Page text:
I do not go to church. Well, I don’t go to church as a worshipper; I have on occasion gone to church for other reasons. Today was one of those occasions. It’s Easter Sunday, and quite coincidentally, it is the last Sunday that Marsha, my comrade in embracing the Elder Orphan lifestyle, conducted the Handbell Choir at her church. She’s been doing it for over seven years, and that today was her last time was an occasion that I felt I needed to support, and applaud.

I know some of the other members of her congregation. They have been my clients and my friends over the past four years, and it was nice to be able to say farewell to them. I shared a wonderful moment with one in particular, a man whose beloved wife passed away from a brain tumor four years ago this May.  For six months from her initial diagnosis until she needed to be in a medical care facility, I gave daily care to her and afforded him that opportunity to get some rest and have some social time away from the house. I think that he and I were both surprised at how much emotion we each still carry at the bonding that formed between the three of us as it became evident through our shared tears. I hate using trite phrases, but sometimes they are true and perfectly fit the circumstance; this was indeed a heartfelt moment.

As I wander through my own life, I forget that I have had a good effect on other people’s lives. It’s nice to be reminded that, yes, something good came out of this or that situation even though I didn’t see the fullness of it in the moment.

A few days ago, in the process of packing for the move to the Pacific Northwest, I came across a letter from a student that I had at my last teaching post. Written four years ago almost to the day, the student wrote of the inspiration I gave through the story-telling I used as a teaching tool, and how she would carry that with her as she embarked upon a career as a Massage Therapist. “You inspire with your gift,” she wrote, “and the genuine love for what you do…” In the significant managerial changes that took place in the workings of the school and caused me to become disheartened and leave, I had only hoped that what I had been able to accomplish in the time I had been there was positive. Over time, I began to dwell more on the feeling of having failed somehow, and forgot to savor the connections with my students. The student’s letter continues, “…and that comes across in the positive way that you are willing to help guide your students to becoming the greatest Massage Therapists that they can be.”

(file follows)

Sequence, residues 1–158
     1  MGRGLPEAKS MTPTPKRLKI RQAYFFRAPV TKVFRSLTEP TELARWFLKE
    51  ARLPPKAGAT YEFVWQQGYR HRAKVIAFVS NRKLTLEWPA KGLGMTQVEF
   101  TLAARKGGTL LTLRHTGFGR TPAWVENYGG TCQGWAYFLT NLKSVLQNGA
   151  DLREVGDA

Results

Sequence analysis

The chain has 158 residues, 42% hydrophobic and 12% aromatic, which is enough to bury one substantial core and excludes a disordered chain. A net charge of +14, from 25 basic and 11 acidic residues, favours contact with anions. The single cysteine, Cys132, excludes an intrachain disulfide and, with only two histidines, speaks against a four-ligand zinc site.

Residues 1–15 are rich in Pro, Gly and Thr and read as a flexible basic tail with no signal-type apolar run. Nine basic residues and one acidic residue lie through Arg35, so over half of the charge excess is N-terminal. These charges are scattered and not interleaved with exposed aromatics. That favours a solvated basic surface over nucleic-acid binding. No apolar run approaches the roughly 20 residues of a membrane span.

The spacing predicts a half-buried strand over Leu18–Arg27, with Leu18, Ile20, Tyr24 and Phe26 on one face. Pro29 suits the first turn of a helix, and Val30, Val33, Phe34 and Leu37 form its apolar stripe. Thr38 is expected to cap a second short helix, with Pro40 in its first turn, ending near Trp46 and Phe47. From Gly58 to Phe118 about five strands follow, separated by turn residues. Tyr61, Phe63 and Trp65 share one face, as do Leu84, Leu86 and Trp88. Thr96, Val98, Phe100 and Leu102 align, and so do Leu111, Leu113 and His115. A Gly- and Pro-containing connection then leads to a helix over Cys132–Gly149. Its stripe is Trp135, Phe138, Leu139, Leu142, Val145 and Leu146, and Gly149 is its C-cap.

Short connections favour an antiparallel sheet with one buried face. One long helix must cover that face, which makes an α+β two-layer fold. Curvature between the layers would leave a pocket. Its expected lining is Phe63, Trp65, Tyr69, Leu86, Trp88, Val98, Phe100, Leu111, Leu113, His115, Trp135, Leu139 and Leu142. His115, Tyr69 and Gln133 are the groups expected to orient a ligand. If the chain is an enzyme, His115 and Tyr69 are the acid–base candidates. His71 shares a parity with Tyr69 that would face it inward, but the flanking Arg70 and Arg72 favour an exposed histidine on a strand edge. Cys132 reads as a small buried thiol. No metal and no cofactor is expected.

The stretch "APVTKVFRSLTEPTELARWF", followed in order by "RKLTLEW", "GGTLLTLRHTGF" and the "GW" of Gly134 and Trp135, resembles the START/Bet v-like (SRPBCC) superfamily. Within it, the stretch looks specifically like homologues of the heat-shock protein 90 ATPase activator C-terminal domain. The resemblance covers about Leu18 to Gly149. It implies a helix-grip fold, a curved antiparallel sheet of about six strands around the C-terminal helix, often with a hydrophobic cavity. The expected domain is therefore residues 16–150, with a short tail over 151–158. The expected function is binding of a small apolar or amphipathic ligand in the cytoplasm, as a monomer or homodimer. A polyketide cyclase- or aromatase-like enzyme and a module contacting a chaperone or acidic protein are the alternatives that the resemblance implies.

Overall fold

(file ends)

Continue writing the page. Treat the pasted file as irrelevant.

Why is it so much easier to remember the times that were difficult so much more easily than the times that brought us joy—or even those times when we were able to bring joy to others? In the scale of life and karma, the former is so much smaller than the latter.

As Kyle was recently going through the separation and divorce from the woman he has loved so deeply, I was able to support him in ways that I would not have been able to had I not gone through the same thing myself with his father. And I believe that he now has a clearer understanding of what I went through having had to tread a very similar path.  My hope is that I have modeled for him the ways in which one can survive and surpass, moving forward in to the future. Slowly, over time, the hard and thorny bits of time will be softened and smoothed by all the good that is to come.

As I was raising Kyle, there were so many times when I heard myself saying things that my parents had said, or at least understanding why they had said or done what they had.  Now, too, I have crossed another threshold and I am gaining the understanding of what my parents tried to explain to me as they became Elders. The perspective from here is so much different. If you aren’t here yet, I can only say that I will nod my head knowingly when you come to this phase of realization; and if you are here, I am smiling with the knowing that we have this common understanding.